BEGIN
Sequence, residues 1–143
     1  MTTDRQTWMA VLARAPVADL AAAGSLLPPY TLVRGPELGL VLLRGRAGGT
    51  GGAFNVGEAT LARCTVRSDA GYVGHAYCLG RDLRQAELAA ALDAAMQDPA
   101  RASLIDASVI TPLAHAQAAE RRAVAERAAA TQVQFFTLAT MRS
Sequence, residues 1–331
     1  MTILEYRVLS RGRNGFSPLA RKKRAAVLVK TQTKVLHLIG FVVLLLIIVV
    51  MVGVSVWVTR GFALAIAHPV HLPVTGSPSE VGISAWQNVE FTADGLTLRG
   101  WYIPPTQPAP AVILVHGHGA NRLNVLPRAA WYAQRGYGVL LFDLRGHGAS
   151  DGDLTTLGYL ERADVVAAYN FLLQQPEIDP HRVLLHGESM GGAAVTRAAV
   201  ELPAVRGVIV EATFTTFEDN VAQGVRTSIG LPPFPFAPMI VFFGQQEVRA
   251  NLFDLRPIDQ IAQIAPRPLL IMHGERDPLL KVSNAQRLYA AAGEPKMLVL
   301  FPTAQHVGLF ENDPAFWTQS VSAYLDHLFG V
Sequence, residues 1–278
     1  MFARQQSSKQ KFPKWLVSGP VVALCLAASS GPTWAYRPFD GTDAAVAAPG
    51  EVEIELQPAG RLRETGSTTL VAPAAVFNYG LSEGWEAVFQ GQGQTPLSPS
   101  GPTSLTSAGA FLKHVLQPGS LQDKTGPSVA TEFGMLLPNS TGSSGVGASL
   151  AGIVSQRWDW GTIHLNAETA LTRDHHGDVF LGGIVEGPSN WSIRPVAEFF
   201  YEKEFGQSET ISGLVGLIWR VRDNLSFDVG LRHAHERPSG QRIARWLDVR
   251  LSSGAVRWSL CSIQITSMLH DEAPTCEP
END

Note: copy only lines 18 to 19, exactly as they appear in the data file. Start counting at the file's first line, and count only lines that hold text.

   201  YEKEFGQSET ISGLVGLIWR VRDNLSFDVG LRHAHERPSG QRIARWLDVR
   251  LSSGAVRWSL CSIQITSMLH DEAPTCEP